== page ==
“Regardless of how lowly rust might seem at first glance, it is a huge problem for the military, costing about $20 billion each year. According to the House Armed Services Committee, roughly $7 billion of that rust is preventable. So, the committee… wants to substantially increase the budget of a little known Pentagon entity, the Office of Corrosion Policy and Oversight… to… $10.8 million, up from a tiny request of $3.6 million.”
FY 2004 – 2009
Sept 18/09: BAE Systems Technology Solutions and Services in Rockville, MD received a $76 million modification to a previously awarded indefinite-delivery/ indefinite-quantity contract from the US Navy, exercising an option for engineering, analytical and manufacturing services to support various aging aircraft.
Work will be performed in Rockville, MD (20%) and in various locations throughout the United States (80%), and is expected to be complete in September 2010. The Naval Air Systems Command in Patuxent River, MD manages this contract (N00421-06-D-0038).
June 8/09: L-3 Communications’ Command & Control Systems and Software division announces a follow-on contract from the U.S. Navy to support its Aircraft Structural Life Surveillance (ASLS) program. This 5-year contract consists of a base year plus 4 option years, with a total contract value of $47.8 million. L-3 will provide engineering and information services under this contract to manage the structural lives of the Navy’s fixed and rotary wing aircraft.
The ASLS program is responsible for administering the US Navy’s Structural Appraisal of Fatigue Effects (SAFE) program, whose mission is to collect, process, and report fleet-wide individual aircraft/ component structural usage and fatigue life information for U.S. Navy aircraft. SAFE findings are used to support aircraft retirement, acquisition, modification, and maintenance decisions. L-3 C2S2 President John Medea adds that
“The monitoring of aircraft service life limits is increasingly significant as requirements for long-term operational usage often exceed planned service life… This program supports the Navy’s objective to further implement an aggressive service life management plan…”
Oct 31/08: BAE Systems Technology Solutions and Services in Rockville, MD received a $55 million modification to a previously awarded indefinite-delivery/ indefinite-quantity contract (N00421-06-D-0038). It exercises an option for engineering, analytical and manufacturing to support aging aircraft.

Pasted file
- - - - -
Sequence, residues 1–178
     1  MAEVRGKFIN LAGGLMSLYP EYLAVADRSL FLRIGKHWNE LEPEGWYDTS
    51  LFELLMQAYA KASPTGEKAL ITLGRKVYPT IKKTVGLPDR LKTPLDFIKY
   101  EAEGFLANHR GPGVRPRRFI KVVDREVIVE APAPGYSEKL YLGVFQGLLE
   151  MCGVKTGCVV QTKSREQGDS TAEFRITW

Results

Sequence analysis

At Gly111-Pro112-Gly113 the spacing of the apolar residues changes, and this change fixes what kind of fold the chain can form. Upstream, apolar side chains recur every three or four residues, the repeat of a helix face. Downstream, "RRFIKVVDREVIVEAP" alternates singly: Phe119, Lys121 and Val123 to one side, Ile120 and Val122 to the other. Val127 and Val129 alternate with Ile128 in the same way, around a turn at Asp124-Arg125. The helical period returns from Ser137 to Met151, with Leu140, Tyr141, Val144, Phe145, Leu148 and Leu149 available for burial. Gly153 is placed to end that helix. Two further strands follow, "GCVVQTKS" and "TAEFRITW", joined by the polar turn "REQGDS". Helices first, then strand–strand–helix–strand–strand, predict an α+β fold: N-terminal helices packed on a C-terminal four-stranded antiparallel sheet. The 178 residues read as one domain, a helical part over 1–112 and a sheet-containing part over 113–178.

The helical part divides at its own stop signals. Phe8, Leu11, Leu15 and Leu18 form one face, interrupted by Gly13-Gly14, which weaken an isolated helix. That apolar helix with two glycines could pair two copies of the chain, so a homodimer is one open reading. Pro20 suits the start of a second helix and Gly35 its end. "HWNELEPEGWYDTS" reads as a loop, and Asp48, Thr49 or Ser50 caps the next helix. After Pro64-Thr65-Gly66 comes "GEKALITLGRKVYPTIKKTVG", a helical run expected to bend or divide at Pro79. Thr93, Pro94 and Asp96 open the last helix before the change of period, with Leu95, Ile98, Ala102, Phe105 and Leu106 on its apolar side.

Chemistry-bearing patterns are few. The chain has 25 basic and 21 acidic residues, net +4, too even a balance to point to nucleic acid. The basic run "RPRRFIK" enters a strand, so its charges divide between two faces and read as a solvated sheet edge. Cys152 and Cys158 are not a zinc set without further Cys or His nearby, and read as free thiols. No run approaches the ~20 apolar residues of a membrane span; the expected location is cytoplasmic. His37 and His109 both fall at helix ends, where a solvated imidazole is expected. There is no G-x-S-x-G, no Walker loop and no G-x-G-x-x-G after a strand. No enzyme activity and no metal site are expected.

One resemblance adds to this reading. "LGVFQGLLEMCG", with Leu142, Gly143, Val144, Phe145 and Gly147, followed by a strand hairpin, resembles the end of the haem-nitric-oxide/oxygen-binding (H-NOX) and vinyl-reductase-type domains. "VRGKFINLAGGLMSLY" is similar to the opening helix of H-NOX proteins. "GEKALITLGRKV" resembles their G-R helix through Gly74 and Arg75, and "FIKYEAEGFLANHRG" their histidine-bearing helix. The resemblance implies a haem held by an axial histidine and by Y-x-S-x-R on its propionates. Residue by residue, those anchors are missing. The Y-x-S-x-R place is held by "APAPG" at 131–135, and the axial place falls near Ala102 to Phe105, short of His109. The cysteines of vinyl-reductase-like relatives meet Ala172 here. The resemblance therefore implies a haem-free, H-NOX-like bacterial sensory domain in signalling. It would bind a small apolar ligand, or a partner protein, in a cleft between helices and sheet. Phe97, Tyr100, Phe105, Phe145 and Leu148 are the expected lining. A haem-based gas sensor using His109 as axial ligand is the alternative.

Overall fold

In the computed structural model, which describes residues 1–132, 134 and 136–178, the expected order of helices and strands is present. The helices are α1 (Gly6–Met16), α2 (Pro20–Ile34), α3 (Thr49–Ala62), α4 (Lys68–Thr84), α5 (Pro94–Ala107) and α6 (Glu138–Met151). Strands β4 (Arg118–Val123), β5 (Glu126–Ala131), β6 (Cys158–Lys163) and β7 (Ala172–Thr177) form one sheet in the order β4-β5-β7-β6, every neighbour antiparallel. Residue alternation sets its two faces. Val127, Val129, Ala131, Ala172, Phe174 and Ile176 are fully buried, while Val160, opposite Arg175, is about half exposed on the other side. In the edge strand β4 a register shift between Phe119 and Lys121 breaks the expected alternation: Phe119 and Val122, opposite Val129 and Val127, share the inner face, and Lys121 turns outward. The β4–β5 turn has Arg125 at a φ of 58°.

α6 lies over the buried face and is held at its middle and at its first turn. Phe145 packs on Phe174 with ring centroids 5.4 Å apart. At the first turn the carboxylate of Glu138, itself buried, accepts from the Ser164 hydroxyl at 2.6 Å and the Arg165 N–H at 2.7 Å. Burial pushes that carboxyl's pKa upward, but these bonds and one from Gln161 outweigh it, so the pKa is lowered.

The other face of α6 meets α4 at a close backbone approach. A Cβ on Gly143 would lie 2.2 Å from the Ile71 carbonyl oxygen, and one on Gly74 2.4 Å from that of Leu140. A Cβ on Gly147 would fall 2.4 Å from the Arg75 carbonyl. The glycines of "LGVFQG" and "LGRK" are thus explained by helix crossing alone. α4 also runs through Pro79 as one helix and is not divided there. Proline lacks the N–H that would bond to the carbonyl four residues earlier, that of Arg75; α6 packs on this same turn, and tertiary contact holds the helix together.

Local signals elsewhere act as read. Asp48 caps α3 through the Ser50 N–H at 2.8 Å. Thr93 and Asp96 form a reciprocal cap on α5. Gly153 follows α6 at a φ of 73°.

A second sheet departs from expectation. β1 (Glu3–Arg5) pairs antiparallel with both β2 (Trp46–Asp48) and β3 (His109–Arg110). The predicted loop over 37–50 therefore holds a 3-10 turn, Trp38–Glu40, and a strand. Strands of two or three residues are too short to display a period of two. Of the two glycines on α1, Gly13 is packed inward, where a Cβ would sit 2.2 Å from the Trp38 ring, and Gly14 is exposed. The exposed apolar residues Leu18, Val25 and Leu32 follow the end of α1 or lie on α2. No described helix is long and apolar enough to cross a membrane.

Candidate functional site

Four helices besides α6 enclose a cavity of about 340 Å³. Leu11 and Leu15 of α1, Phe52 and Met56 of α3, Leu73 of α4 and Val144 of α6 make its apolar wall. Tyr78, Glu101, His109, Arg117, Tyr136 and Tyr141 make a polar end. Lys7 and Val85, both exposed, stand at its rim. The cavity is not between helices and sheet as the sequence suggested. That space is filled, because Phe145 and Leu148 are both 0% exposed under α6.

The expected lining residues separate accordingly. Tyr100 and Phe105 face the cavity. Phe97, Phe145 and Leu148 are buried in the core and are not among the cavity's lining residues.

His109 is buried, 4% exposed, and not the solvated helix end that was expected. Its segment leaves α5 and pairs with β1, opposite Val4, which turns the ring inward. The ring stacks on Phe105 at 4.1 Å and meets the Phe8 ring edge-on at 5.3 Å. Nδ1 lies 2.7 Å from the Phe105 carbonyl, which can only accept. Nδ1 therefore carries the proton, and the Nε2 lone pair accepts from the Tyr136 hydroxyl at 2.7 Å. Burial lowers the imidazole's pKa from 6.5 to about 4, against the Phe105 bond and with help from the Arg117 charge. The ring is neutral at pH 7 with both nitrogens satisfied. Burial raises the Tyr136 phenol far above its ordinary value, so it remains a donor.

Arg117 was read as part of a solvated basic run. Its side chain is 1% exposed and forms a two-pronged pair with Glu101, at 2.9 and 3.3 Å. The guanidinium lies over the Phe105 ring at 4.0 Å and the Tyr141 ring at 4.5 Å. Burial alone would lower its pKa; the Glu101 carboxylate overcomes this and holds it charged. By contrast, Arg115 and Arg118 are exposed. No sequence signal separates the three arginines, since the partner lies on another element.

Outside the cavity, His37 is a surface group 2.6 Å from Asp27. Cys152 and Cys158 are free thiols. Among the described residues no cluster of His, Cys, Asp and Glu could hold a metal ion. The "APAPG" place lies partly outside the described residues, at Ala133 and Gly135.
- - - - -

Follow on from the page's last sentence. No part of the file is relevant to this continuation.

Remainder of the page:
Work will be performed in various locations throughout the United States (80%) and Rockville, MD (20%), and is expected to be complete in September 2009. The Naval Air Systems Command in Patuxent River, MD issued the contract.
Aug 4/08: Wyle Laboratories, Inc. in Huntsville, AL receives a $9.5 million modification to a previously awarded cost-plus-fixed-fee, cost-plus-award-fee, firm-fixed-price contract (N00421-04-C-0121). It exercises an option for engineering and technical services in support of the Aging Aircraft Team and Joint Council on Aging Aircraft. Work will be performed in Lexington Park, MD, and is expected to be complete in August 2009. Contract funds in the amount of $154,000 will expire at the end of the current fiscal year.
Nov 3/07: Following the crash of a Missouri Air National Guard F-15C aircraft Nov 2/07, the US Air Force suspends non-mission critical F-15 flight operations. The accident findings indicate a structural failure that caused the plane to break in two during flight, as the front fuselage separated from the tail section. Japan follows suit, grounding its F-15Js and leaving Vietnam-era F-4 Phantom IIs as its primary air defense aircraft. Israel follows by grounding its F-15A-D/I fleet, too, as the effects widen.
In the end, the entire American F-15 A-D fleet was down for 2 months, about 1/3 of the American fleet remains grounded indefinitely, and serious rethinking is underway concerning a fighter fleet that was expected to last into 2025. DID: “Aging Aircraft: USAF F-15 Fleet Grounded.”
Aug 6/07: Wyle Laboratories, Inc. in Huntsville, AL received a $9.2 million modification to a previously awarded firm-fixed-price, cost-plus-fixed-fee, cost-plus-award-fee contract (N00421-04-C-0121) to exercise an option for engineering and technical services in support of the Aging Aircraft Team and Joint Council on Aging Aircraft. Work will be performed in Lexington Park, MD and is expected to be complete in August 2008. Contract funds in the amount of $120,000 will expire at the end of the current fiscal year. The Naval Air Warfare Center Aircraft Division, Patuxent River, Md., is the contracting activity.
July 14/05: Wyle Laboratories Inc. in Huntsville, AL received an $8.5 million modification to a previously awarded firm-fixed-price, cost-plus-fixed-fee, cost-plus-award-fee contract (N00421-04-C-0121) to exercise an option for engineering and technical services in support of the Aging Aircraft Team and Joint Council on Aging Aircraft (JCAA). Work on this contract will be performed in Lexington Park, MD and is expected to be completed in August 2006. Contract funds in the amount of $800,000 will expire at the end of the current fiscal year.